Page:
From £29,7007
Easygoing, comfortable BMW 420d convertible offers plenty, but its squidgy nature won't excite spirited drivers
Nic Cackett
7 March 2014

What is it?

We’ve already driven the range-topping BMW 435i convertible, now it’s the turn of the car which will make most of the volume - the 420d. Aside from the engine, this is much the same car; a lower, longer and wider prospect than the model it replaces, and one that continues to sport a retractable metal hard-top roof. 

From launch, the familiar 181bhp 2.0-litre unit will be the only diesel engine available with the convertible, and its frugality affords the car 55.4mpg economy and 133g/km CO2 emissions in conjunction with the six-speed manual gearbox. Select BMW’s eight-speed automatic, and they improve to 58.9mpg and 127g/km. 

There are five trim levels to choose from, starting with the SE sampled here (although not on UK roads). The mechanics of a life cycle change means the 420d ends up with more standard kit than its predecessor - including the current 3 Series’s large infotainment screen, iDrive controller, Drive Performance Control, 17-inch alloy wheels and heated front seats. 

The price difference is a modest £495. But that still sees the model start at £36,675 - almost £2500 more than the equivalent Audi A5 cabriolet 2.0 TDI SE. The example tested also featured a number of options - BMW’s Professional media system, 18-inch wheels, adaptive suspension - hiking its final total to £43,850. 

What's it like?

Much like the 435i - hardly short on quality, but overall a disappointment. The blame for this is not difficult to spread around. The bulk of it, appropriately and inevitably, must be placed on the vast, mechanism-festooned roof which barely fits in the boot and weighs the dynamic equivalent of a planet. 

Watching it slowly unfold from its overstuffed hiding place, a lengthy, 20-second process which plays out with with all the irksome methodicalness of an elderly scout leader opening a map, one wonders why BMW insisted on persevering with the three-piece tin-top.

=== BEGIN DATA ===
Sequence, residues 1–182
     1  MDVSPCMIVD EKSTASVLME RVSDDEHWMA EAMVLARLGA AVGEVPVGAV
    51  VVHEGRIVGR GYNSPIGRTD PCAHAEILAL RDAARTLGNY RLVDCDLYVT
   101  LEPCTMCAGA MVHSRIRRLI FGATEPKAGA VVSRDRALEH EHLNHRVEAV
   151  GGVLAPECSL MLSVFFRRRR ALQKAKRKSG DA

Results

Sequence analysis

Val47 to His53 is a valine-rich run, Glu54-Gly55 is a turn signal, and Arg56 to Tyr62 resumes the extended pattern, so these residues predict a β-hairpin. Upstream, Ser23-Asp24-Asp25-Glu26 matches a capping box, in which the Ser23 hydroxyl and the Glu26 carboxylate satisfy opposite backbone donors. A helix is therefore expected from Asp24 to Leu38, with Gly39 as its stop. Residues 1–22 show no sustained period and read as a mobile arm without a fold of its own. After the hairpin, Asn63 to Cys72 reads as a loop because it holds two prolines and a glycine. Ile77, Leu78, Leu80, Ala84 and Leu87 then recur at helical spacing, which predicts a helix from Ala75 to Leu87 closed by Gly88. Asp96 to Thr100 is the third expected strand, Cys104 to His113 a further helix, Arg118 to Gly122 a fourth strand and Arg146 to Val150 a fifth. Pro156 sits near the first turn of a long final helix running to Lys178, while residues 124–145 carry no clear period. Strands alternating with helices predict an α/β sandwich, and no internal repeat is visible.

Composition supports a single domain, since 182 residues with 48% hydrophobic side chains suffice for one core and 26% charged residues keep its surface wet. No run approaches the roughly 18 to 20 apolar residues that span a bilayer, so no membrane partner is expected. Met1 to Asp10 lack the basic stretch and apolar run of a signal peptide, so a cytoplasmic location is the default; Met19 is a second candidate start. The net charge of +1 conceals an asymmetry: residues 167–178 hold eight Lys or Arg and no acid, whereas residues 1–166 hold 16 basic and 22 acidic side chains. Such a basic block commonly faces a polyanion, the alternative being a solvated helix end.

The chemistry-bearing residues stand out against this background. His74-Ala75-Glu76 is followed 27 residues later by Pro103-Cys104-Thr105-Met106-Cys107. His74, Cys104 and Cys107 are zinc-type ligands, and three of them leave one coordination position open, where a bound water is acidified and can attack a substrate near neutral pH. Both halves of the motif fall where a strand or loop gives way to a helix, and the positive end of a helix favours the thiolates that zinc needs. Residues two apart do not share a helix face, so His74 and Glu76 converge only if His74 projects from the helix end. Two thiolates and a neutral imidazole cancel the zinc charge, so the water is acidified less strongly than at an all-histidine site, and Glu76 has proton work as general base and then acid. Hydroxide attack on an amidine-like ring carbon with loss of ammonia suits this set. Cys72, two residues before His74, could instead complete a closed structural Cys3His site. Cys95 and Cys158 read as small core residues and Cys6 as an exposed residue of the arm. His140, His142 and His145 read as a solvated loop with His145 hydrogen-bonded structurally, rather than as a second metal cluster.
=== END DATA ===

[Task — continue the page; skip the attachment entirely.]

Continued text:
Its benefits are negligible - under it, the 420d is no more refined than a contemporary fabric roof - and the penalty unavoidable. 

The 320d SE weighs 1495kg. The 420d SE weighs 1755kg. That extra burden is not easily hidden. The 435i buries it under 302bhp of straight-six concealer; the 420d, even with a healthy 280lb ft of torque available, is less able to do the same - especially when the four-cylinder engine’s well-known shortfall in refinement is taken into account. 

However, the vocal, gearknob-rattling motor is at least game; the suspension tune is not. 

BMW’s engineers have certainly beavered away underneath to shoulder the strain - ultra-stiff control arms and axle subframes have been slightly repositioned, pivot points adjusted, the camber angle and roll centre fine-tuned - but even in the most aggressive of its four modes (Sport+), the conspicuously doughy result never settles into quick progress like the 3 Series. 

Clearly, a more benign, agreeably cushioned car was the intention here, and driven in a manner more befitting a mobile sun lounger, the 420d is at least comfortable. 

Only the meanest of surfacing infringements will dial themselves into the seat backs, and the roof-down interior is acceptably blustery rather than tempestuous. But too much of the former flair is gone; push on, and the car can no longer push back. 

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Should I buy one?

If buying a convertible is merely a four-up vanity exercise or a convenient way of keeping the comb-over flat, then the 420d’s newly inherited interior - typically first rate, easygoing attitude, solid residuals and likely very decent economy will certainly appeal, and duly make BMW’s entrant a match for its similarly fettled opposition in this segment. 

But the car feels even less like the current 3 Series than we expected, and in our book that’s more than just a shame. Just as the folding roof has been allowed to intrude on the model’s usable boot space (reducing it to just 220 litres - less than you’d get in a TT roadster) so has it mercilessly eroded the marvellous handling identity. 

That, above all else, is why the 320d is a five-star car - and why the 420d convertible certainly isn’t. 

BMW 420d convertible SE

Price £36,675; 0-62mph 8.2sec; Top speed 146mph; Economy 55.4mpg; CO2 133g/km; Kerb weight 1755kg; Engine 1995cc, 4 cyls, diesel; Power 181bhp at 4000rpm; Torque 280lb ft at 1750-2750rpm; Gearbox Six-speed manual

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Smilerforce 7 March 2014

I couldn't buy a diesel

I couldn't buy a diesel conviertable!! Especially in a 4 cylinder format. Just idling away would annoy me.

For looks this is pretty BMW, but I think a purchase can only be a 6 cylinder.

Racotau 7 March 2014

Simple solution...

...buy a 320d and drive along with your head out of the window. That way u get all the joys of wind in ur hair motoring, you're driving a decent car and you got a ton of cash left in ur wallet.
DBtechnician 7 March 2014

Impressive Car

Right up to the point when you turn the key and realise in a convertible the only sensible choice of engine is petrol powered.
So glad I was able to buy such a car with a turbo petrol engine, soft top & paddle shift gearbox when Saab still had some available in the 9-3.